With shades of Foy Vance in his songwriting, O’Grady breathed a little life into the afternoon with a heartfelt rendition of Neil Young‘s Only Love Can Break Your Heart and Mother’s Day dedication of his own My Oldest Friend.
With something ominously familiar about the name, the first sight of Frances Wood tottering on stage in huge shoes was enough to set the TALENT SHOW sirens off.
A former contestant on BBC’s The Voice, there was something particularly manufactured about Woods’ performance with a stream of poor covers, including Tracy Chapman‘s Fast Car (doesn’t she know that’s Ogo‘s territory?).
Pixels get busy live at Threshold Festival
Maybe in context Woods has the potential to wow, but at such a grassroots festival as Threshold, she stuck out like a sore thumb in a bowler hat.
From sore thumbs to sore heads, Getintothis was in need of an injection of LOUD. And ORANGE. Cue Jazzhands, who proceeded to wake us up from a Frances Wood-induced coma.
Naturally the prolonged set up and soundcheck involved the placement of dustbins, space hoppers and a quick costume change into balaclavas and dresses – although why any technical team wastes time trying to soundcheck Jazzhands is baffling, it’s not like they play to any kind of rules, and how exactly do you get optimum sound from someone headbutting a dustbin?
Climbing back out of the rabbit hole, we nipped across to Camp where the performance offered from Creative Community Choir was much more Mother’s Day.
Over at the Paper Garden stage Jessica’s Ghost demonstrated the good, the bad and the ugly of country and western while Blade Factory served up ear-bursting heavy rock and strobe to boot.
For a band with such skinny arms they can really bang out such an epic sound, and with tunes like Red Eyes the more welly they give it the better.
Over at Elevator, a technical maze for nine-piece The Wretched Pearls – already a vocalist down – their pretty little singer was a lost in the mash of sounds, but with a bit of audience participation and the beautiful touch of a strings section, the white-clad gang struggled through.
Fresh-faced MiC Lowry took to the Paper Garden stage on the edge of the watershed; an odd stage timing considering their teeny-bopper following, but they charmed their entire audience back to blushing schoolgirls with their melodic mash-ups.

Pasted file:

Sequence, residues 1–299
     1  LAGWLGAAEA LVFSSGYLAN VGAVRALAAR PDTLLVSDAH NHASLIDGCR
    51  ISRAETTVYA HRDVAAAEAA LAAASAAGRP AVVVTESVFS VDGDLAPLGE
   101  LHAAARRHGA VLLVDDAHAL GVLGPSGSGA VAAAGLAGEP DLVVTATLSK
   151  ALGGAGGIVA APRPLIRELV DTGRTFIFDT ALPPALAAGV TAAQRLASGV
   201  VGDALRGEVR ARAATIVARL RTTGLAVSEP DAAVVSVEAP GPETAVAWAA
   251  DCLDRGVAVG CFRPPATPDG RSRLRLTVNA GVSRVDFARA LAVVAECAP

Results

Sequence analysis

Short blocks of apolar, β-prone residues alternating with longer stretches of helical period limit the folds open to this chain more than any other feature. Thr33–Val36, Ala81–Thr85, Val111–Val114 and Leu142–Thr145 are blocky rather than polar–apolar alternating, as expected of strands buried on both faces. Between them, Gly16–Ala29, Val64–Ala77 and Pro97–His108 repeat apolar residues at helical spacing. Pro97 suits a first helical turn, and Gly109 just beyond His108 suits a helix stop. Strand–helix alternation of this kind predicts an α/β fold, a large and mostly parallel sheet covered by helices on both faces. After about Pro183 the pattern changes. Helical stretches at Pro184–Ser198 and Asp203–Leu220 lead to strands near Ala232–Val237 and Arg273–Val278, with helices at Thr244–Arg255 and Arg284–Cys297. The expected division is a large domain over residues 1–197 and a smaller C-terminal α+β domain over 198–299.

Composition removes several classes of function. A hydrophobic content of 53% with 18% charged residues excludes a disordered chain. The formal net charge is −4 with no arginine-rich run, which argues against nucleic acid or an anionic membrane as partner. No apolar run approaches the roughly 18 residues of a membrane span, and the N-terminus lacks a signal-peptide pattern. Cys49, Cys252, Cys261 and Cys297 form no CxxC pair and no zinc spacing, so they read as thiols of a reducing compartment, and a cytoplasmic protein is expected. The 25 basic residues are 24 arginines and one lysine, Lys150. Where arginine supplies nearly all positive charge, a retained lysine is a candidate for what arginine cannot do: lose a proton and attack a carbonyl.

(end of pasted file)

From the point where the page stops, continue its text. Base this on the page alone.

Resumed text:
Coffee and Cakes For Funerals blend in among the plant life live at Threshold Festival
From clean cut R’n’B to Liverpool’s own edgy sweetheart Natalie McCool brought her unique blend of haunting songwriting, mesmerizing guitar and heart pounding percussion.
McCool has a wealth of crowd pleasers in her own songbook with Size Zero and Dust and Coal, but her mashup of Nightcall and A Real Hero from the Drive soundtrack has every trace of her beautifully melancholic sound.
While sound checking delays usually grate on any reviewer at a festival, sometimes it has its perks, like turning up expecting to snatch the tail end of The Thespians‘ set but actually catching their entire belter set. The Elevator crowd, now suitably pumped to bring the festival to a close, were in for another treat from the Mono LPs, boasting the rockiest cello player in the business in the shape of Vicky Mutch, and in Daniel Beech, a drummer with the unwavering stamina of a monkey with a miniature symbol.
Charming the audience with tunes such as Flame and You Make Me Sick (a request from the crowd, not a heckle as initially believed), lead singer Ste Reid summed up the feel of the festival in its third year, ‘Liverpool is still the capital of culture‘.
Rumjig took up the closing ceremonies, swaying the beer-soaked crowd with their skanking reggae sounds, but things were never going to go out on a mellow note.
With the Threshold organisers and volunteers filling up the floor, Rumjig brought the tempo up with funky Latino beats that had the whole room shimmying.
It was an emotional end for directors Kaya and Chris having put in so much hard work and they received the greatest cheer of the weekend when they confirmed plans for Threshold 2014 were already underway. What better way to wrap up the festival.
Pictures by Getintothis’ Gaz Jones.
Threshold 2013 by James Kirkham
Further reading on Getintothis.
Getintothis review and pictures of Threshold Festival 2013 – part one.
Getintothis Threshold Festival 2012 – review and pictures part one
Getintothis Threshold Festival 2012 – review and pictures part two.